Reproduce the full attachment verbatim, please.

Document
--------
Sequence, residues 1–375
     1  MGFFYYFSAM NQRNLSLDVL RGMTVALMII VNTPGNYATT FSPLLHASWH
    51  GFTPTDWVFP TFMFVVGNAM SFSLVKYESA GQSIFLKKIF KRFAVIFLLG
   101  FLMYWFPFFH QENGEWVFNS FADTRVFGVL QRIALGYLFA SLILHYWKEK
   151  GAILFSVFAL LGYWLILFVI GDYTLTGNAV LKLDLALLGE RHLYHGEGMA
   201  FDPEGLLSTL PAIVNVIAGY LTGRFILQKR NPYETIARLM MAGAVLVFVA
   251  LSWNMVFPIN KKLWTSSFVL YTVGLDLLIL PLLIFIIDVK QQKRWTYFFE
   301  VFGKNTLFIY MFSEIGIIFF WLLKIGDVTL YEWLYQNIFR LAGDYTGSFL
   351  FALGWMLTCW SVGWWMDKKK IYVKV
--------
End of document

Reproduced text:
Sequence, residues 1–375
     1  MGFFYYFSAM NQRNLSLDVL RGMTVALMII VNTPGNYATT FSPLLHASWH
    51  GFTPTDWVFP TFMFVVGNAM SFSLVKYESA GQSIFLKKIF KRFAVIFLLG
   101  FLMYWFPFFH QENGEWVFNS FADTRVFGVL QRIALGYLFA SLILHYWKEK
   151  GAILFSVFAL LGYWLILFVI GDYTLTGNAV LKLDLALLGE RHLYHGEGMA
   201  FDPEGLLSTL PAIVNVIAGY LTGRFILQKR NPYETIARLM MAGAVLVFVA
   251  LSWNMVFPIN KKLWTSSFVL YTVGLDLLIL PLLIFIIDVK QQKRWTYFFE
   301  VFGKNTLFIY MFSEIGIIFF WLLKIGDVTL YEWLYQNIFR LAGDYTGSFL
   351  FALGWMLTCW SVGWWMDKKK IYVKV